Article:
We recently hosted Salvador Carlucci, Co-Founder and President of Atacana Group, to discuss how Big Pharma is responding to the pandemic. From supply chain disruptions and vaccine trials to the acceleration of digital marketing initiatives and the transformation to a virtual sales culture, Carlucci took us through a host of impacts he’s seen over the past few months and how these trends may continue into a post-COVID-19 era. Read the highlights below.
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Carlucci began with a discussion of how Big Pharma companies are talking about the financial effects of the coronavirus. He highlighted that in Q1 every company had a positive YoY change in net sales except for Pfizer. Additionally, while most pharma companies did not change guidance on their Q1 call, Pfizer withdrew its guidance and Merck communicated an unfavorable impact to revenue of $2.1 Billion. Some of the key themes which Carclucci found in these Q1 Earnings Calls were increased digital marketing at Roche, fully digital salesforces at Sanofi and GSK, and increased telehealth efforts at Novartis and AstraZeneca. Looking at executive commentary on the shift to digital within AlphaSense reveals that Roche, Novartis, and AstraZeneca had the biggest focus on digital in Q1.
Diving into Roche’s increased investment in the digitization of the pharmaceutical market, Carlucci pointed to five key changes:
- Engagement: “Mass field” efforts, which were largely in person, shifted to more targeted, and largely virtual efforts.
- Content: Static information shifted to personalized digital content and services.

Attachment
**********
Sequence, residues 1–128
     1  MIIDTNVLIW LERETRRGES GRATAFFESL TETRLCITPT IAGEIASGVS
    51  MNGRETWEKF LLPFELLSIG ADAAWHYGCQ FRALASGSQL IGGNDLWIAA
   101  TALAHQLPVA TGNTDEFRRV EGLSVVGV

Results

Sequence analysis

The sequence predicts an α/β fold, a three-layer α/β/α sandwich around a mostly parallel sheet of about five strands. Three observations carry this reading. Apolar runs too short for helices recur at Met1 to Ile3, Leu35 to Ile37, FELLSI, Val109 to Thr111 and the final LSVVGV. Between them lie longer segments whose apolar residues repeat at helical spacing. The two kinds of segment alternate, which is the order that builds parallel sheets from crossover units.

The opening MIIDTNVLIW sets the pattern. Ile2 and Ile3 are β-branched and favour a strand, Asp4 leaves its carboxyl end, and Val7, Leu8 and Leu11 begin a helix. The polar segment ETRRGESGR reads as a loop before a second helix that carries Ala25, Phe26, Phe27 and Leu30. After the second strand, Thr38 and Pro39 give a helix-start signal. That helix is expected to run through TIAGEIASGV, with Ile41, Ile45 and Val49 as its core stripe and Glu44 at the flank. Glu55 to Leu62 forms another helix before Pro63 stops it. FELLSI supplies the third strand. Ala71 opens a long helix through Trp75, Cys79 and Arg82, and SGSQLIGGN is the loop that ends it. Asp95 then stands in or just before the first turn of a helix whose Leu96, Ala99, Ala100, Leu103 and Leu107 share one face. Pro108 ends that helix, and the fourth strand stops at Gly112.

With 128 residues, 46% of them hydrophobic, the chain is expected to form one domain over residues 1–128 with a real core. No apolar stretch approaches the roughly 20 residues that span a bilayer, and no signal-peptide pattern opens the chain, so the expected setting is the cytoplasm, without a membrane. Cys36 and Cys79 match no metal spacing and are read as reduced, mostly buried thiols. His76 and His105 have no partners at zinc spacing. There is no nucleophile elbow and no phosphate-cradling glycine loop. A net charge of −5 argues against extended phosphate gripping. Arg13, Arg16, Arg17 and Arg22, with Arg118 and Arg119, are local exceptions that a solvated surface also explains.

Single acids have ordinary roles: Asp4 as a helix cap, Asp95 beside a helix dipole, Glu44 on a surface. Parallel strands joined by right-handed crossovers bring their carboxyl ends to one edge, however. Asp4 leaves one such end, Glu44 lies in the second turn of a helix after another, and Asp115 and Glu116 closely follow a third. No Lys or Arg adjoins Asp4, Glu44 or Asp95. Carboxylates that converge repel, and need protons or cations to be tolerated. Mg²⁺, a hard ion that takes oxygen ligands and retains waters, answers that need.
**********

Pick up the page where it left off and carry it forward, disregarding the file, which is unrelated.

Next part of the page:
- Content Release: Content releases that had been synchronized with field force cycles shifted to continuous and real-time releases.
- Customer Targeting: Sales reps making targeting decisions shifted to targeting decision making supported by advanced analytics.
- Conference: Physical conference attendance shifted to virtual and real-time exchange.
For a full analysis of the shifts in the Pharmaceutical Market, watch Salvador Carlucci’s full webcast by visiting our Resources page.
One of the more striking takeaways from Carlucci’s discussion was around the effectiveness of digital meetings by pharma sales reps. While the average face to face meeting in January lasted only 5 minutes, the average virtual meeting in May lasted 30 minutes.
This increased facetime has many effects. For one, sales reps have to have more detailed meeting plans, as customers will expect more than just a quick pitch to come with the added time. This may prompt some companies to choose to either re-train their sales forces for digital meetings or to hire new digital-oriented sales reps. As Carlucci mentions: “if [a] company is not doing well, field force tends to be one of the first areas that they cut.” While companies have not given many signals as to how their salesforce headcount will be impacted, we will likely see more discussion of this in Q2 earnings calls.
In addition to the change in meeting time highlighted above, digital outreach also became much more prevalent: marketing outreach emails increased 521%. It seems that thus far this deluge of emails has not exhausted healthcare providers, as open rates have remained nearly constant.
If the overarching theme of Q1 was a shift to digital across every aspect of pharma marketing, sales, and outreach, the biggest question moving forward is whether or not these changes are here to stay.
The vast majority of the webcast viewers seem to expect a continued, albeit slower, shift to digital post-COVID, but of course, it is impossible to know for sure what the lasting effects of this will be. Log into AlphaSense now to continue to follow these trends and see what themes continue into Big Pharma’s Q2 Earnings Calls.